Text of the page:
A Pre- and Post-incident Checklist for Banks
“Banking Trends through a Millennial Lens,” CSI’s recent generational banking study of more than 1,000 U.S. banking consumers, found that 60 percent of respondents have experienced fraudulent banking or credit card activity. That number will likely rise due to the Equifax breach that exposed 145.5 million identities. This is leading consumers to fear for their personal financial information and question the ability of financial institutions to protect them.
Assuring your customers that your institution can survive a cyberattack is critical – and depends on your preparedness, which goes beyond critical preventative measures. It also includes planning for exactly how you will respond to a cyberattack. Having an Incident Response Plan (IRP) in place is your institution’s key to survival.
In July, Digital Guardian highlighted IRP best practices from various cybersecurity professionals. The consensus among them and other security experts is the growing inevitability that every organization will experience a cyberattack, and likely sooner rather than later. Limiting the attack’s damage requires immediate action now (before the incident) and later (after the incident).
Pre-Incident Response Plan Checklist
The Federal Financial Institutions Examination Council’s (FFIEC) Business Continuity Planning Booklet requires every financial institution to develop an IRP and integrate it into its Business Continuity Plan (BCP). To avoid the criticism Equifax is now facing, it’s time to compare your IRP with this checklist:
1. Identify and Allocate Appropriate Resources: This team should include appropriate internal representatives (i.e., those with the authority and skill to perform their designated role) from information technology and security, legal, compliance, operations, communications, training and any other area that would play a role in detecting, mitigating or recovering from a cyberattack.
Security experts also point to several external resources that should be pre-emptively engaged in case of attack. Start with a cybersecurity forensics firm, one with the expertise to quickly diagnose the problem, halt the intrusion, preserve the evidence and restore business operations. Next, consider retaining a public relations firm that can help you develop post-incident messaging that will protect your legal position as well as your reputation. And don’t forget that your insurance company will play an important role after a cyberattack. Bring them in as part of your IRP team and discuss your liability policy’s coverage limits to determine if you need cyber insurance.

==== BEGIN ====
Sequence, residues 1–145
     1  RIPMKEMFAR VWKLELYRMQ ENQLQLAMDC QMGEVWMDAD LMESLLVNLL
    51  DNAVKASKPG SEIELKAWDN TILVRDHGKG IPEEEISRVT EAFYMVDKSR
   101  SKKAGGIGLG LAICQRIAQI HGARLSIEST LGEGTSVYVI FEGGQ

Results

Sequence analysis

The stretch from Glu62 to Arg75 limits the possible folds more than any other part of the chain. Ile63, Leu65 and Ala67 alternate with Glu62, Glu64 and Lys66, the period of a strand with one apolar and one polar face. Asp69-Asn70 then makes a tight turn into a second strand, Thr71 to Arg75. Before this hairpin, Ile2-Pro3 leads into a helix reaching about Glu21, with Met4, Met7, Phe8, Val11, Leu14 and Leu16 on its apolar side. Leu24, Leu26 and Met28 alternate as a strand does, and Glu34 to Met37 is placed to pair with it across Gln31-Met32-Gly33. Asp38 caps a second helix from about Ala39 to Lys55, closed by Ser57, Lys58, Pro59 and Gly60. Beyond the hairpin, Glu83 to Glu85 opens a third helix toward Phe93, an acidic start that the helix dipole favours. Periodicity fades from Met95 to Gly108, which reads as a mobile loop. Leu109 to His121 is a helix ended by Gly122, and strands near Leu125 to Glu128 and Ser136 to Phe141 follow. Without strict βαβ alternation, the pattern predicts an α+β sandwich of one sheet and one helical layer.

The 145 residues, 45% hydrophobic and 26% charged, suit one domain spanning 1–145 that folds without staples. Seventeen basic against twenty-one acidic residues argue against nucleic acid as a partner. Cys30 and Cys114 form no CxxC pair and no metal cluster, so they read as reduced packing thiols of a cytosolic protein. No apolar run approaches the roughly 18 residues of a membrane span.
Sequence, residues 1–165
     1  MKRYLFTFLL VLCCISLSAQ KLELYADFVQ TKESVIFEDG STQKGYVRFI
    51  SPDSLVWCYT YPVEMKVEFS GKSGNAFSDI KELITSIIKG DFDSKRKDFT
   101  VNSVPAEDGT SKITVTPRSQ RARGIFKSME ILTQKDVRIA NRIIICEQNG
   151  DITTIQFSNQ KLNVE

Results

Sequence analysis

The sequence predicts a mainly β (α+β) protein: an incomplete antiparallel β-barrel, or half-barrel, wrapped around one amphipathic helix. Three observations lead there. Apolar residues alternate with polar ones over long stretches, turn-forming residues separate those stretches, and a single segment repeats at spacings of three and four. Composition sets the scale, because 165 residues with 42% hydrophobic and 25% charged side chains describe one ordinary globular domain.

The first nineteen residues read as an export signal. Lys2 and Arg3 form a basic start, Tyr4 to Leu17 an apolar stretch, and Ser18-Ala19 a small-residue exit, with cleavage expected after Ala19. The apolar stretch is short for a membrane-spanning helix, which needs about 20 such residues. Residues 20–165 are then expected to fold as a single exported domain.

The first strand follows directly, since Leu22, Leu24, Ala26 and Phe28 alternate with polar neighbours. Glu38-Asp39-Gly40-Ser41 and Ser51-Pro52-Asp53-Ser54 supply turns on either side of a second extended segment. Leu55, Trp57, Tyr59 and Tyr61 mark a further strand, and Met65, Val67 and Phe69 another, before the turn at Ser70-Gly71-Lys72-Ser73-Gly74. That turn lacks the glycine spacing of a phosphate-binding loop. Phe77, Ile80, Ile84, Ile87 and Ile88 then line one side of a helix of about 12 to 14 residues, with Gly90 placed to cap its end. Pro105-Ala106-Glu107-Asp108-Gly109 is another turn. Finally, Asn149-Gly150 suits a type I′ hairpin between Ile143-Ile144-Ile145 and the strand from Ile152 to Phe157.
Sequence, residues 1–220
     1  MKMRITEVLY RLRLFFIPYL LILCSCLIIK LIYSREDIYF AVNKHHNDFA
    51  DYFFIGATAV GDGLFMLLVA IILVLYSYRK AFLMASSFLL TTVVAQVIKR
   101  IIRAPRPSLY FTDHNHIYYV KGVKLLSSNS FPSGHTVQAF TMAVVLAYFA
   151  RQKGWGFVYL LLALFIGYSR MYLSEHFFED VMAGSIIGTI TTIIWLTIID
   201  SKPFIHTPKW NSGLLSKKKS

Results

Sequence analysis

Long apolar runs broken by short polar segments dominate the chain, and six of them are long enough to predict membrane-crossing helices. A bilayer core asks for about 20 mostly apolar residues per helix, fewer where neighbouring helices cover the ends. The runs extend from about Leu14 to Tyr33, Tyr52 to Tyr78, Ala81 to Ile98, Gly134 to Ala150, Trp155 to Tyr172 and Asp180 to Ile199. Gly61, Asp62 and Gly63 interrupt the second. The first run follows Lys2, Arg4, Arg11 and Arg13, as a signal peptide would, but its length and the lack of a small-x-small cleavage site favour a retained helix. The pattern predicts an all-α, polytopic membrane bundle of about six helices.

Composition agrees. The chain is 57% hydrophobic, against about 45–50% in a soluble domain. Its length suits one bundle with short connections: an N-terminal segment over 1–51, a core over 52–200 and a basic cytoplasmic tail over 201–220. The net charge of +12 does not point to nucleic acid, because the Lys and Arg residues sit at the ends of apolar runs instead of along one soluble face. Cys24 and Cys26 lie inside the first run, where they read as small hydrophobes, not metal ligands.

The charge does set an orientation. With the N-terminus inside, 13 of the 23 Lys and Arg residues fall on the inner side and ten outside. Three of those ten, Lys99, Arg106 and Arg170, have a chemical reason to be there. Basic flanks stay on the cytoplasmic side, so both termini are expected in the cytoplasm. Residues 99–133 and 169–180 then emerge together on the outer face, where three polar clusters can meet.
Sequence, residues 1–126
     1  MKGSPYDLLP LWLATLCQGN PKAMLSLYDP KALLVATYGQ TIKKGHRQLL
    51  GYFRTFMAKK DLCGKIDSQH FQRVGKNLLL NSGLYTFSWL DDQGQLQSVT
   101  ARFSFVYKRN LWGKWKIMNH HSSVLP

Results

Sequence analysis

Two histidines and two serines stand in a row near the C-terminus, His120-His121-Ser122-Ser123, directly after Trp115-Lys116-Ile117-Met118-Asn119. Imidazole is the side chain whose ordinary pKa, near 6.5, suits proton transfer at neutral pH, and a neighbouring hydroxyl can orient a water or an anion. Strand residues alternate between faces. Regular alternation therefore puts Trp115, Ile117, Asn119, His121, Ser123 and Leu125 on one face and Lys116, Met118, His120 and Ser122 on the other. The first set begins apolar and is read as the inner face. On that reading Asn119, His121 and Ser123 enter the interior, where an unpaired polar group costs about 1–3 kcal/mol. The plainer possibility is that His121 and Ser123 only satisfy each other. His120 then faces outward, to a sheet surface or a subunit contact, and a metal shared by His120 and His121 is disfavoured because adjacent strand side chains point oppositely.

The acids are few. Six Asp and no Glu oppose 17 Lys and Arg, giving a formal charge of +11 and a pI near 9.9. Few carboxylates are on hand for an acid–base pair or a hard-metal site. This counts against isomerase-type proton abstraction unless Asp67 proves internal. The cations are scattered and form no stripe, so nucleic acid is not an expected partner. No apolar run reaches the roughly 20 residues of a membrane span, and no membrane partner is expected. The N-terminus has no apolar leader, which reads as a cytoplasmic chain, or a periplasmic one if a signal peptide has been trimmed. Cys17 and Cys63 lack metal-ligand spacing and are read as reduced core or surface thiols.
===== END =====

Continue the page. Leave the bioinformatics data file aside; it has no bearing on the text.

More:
2. Understand Your Objectives and Identify Your Assets: The ultimate objective is business and data recovery, but Doug Landoll, author and security professional, advises organizations to state their desired response and recovery time objectives specifically. Dr. Chris denHeijer, D.CS, professor of Management Information Systems at Colorado State University, says an IRP should clearly identify all assets, which means addressing network, computer and physical security in the plan.
3. Develop a Clear Picture of Connectivity: All banks outsource to third parties for efficiency. Just remember that each of these connections provides a possible entry point for intrusion. Make sure your institution has identified everyone with whom it is interconnected and that it routinely reviews the need for that connection and limits privileges to only those that are needed.
4. Define “Incident”: Private bank First Republic notes that “An incident can be detected by anyone with the right ‘visibility.’” The most likely is technology staff, but it could be anyone in your institution, which is why it is critical that all employees know what constitutes an incident and how and where to report it. Per the FFIEC, an incident is “the attempted or successful unauthorized access, use, modification, or destruction of information systems or customer data.”
5. Identify Most Likely Incident Scenarios: Landoll recommends that an IRP identify the 10 to 20 most likely scenarios (e.g., ransomware, DDoS attack, account takeover, etc.) based on your institution’s specific situation and security posture. Then, he says, “the IR plan can evolve and expand once it is in place to address unforeseen incidents.”
6. Create Specific Procedures: For each possible scenario, outline procedures for detecting and escalating the incident to the IRP team, and for containing that particular intrusion. Identify who will conduct the forensics investigation and note how evidence will be preserved. Then, describe recovery strategies that correlate with your recovery time objectives. Finally, make sure that all of these procedures are integrated into your BCP.
7. Train Responsible Staff: Anyone who will play a role in detecting, mitigating or recovering from a cyberattack should be trained on their specific responsibilities as outlined in your procedures. Given the rapid rate of change in the cyberworld, this is not a one-and-done exercise. Each update to your IRP should generate supplemental training.